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Robot Chef Could Be Serving You Dinner in 2017

It may not be long before your meal, or at least part of it, is prepared by a pair of robot hands. Moley Robotics and Shadow Robot are collaborating on a robo-chef that learns the actions taken by an actual chef and performs them with high-precision mechanical hands. The logic is that if the robotic arms are to work in a regular kitchen, using ordinary pots, stoves and spatulas, they need to be as similar to our own appendages as possible. They also need to do the same tasks we do: stirring scrambled eggs, adding oil to a sauce, chopping onions. To make sure the robo-chef does these things properly, Moley put 2011 Master Chef winner Tim Anderson in a motion-capture studio. His movements will provide a template for the robot to follow, though sensors will help determine when, for example, a pan needs to be moved or an ingredient added.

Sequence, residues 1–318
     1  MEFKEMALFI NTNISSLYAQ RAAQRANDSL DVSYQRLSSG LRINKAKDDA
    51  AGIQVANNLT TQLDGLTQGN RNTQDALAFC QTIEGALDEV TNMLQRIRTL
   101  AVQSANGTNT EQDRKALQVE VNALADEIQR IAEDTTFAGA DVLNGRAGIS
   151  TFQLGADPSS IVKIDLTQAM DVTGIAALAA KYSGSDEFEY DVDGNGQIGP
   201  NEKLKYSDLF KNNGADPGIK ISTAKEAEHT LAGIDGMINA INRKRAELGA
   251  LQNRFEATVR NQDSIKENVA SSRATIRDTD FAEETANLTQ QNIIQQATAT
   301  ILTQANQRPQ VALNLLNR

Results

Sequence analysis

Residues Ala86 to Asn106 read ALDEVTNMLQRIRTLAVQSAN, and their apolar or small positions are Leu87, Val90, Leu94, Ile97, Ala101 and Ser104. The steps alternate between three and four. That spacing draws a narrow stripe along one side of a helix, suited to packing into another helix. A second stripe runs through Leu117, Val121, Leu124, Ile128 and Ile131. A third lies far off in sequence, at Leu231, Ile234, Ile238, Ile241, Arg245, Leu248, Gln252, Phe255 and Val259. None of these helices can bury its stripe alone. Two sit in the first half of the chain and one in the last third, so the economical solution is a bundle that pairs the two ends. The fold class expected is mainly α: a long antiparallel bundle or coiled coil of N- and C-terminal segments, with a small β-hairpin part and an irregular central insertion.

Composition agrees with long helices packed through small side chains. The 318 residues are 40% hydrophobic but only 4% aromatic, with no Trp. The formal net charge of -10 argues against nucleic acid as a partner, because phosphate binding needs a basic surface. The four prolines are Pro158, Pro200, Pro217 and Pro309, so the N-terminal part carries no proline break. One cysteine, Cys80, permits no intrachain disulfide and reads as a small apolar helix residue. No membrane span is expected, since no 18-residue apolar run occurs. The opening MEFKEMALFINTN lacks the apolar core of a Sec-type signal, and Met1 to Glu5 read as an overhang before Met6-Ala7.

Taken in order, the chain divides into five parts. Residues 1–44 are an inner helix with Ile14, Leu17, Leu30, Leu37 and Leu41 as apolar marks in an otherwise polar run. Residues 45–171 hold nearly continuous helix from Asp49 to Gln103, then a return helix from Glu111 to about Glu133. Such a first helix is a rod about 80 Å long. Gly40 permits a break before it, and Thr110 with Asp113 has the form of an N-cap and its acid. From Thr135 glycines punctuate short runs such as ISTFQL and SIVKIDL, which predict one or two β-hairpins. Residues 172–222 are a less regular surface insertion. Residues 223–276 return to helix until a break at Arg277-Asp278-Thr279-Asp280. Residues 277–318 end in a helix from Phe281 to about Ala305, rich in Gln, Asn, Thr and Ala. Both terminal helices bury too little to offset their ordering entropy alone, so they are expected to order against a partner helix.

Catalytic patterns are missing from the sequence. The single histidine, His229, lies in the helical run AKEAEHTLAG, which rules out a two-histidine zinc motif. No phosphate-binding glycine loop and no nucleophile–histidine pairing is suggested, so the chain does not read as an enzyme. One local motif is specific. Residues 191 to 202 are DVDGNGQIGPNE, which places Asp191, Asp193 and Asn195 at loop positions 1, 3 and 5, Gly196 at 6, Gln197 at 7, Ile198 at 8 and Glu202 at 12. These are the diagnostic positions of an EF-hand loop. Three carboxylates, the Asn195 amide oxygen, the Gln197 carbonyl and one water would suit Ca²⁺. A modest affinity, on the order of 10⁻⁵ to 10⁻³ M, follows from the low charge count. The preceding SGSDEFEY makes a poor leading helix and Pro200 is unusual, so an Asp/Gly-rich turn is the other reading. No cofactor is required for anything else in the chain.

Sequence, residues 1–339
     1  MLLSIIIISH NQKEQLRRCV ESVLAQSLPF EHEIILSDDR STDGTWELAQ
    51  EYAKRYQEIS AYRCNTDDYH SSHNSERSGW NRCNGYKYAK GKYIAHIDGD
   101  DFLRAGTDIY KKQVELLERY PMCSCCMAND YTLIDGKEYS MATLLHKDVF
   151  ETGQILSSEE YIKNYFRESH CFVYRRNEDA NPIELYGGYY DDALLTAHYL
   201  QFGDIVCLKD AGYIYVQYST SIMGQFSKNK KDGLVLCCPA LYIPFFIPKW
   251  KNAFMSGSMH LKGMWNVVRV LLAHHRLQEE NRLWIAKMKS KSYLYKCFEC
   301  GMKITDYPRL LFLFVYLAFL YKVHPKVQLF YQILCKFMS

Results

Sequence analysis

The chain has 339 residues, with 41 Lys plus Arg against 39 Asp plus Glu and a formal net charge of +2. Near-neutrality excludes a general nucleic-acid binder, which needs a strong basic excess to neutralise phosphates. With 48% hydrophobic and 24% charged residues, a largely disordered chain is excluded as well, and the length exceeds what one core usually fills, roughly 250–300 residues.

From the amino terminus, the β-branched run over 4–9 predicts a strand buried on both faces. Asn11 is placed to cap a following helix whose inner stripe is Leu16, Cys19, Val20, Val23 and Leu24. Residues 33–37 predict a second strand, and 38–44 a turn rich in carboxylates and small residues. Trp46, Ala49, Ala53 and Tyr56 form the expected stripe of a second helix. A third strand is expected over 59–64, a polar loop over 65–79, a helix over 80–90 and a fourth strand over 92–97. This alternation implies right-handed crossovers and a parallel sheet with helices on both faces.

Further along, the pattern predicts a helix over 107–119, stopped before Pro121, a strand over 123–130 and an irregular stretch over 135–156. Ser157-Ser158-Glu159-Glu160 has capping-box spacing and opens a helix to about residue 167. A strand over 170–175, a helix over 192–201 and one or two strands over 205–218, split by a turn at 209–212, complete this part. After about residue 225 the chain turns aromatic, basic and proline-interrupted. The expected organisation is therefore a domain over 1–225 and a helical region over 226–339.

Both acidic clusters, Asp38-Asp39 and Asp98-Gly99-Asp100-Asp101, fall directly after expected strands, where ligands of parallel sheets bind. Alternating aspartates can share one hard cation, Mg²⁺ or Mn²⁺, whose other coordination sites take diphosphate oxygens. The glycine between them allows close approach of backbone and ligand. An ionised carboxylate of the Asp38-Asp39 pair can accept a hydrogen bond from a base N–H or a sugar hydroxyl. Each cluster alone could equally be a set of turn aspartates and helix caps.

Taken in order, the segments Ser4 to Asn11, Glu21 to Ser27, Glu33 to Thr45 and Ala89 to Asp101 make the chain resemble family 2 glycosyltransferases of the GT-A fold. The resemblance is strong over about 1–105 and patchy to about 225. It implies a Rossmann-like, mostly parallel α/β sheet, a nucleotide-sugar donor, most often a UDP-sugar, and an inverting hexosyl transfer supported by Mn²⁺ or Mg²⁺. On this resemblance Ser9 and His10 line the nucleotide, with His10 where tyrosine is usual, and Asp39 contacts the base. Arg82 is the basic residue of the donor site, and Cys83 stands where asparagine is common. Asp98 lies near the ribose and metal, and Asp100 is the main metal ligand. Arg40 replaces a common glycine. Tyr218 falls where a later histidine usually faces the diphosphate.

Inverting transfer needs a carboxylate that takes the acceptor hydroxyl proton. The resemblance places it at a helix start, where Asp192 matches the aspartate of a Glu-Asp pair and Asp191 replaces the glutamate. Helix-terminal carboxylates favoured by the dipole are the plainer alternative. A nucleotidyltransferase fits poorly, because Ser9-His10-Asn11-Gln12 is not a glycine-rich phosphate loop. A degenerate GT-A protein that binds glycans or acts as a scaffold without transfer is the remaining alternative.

The plan is to put out a consumer version of the robo-chef in 2017, suitable for use by restaurants and with a built-in refrigerator and dishwasher. Between this, robotic vacuums, face-recognizing TVs and proximity-sensing locks, the "smart home" is looking very futuristic indeed.

High-tech gadgets to upgrade your kitchen 4:01

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—Devin Coldewey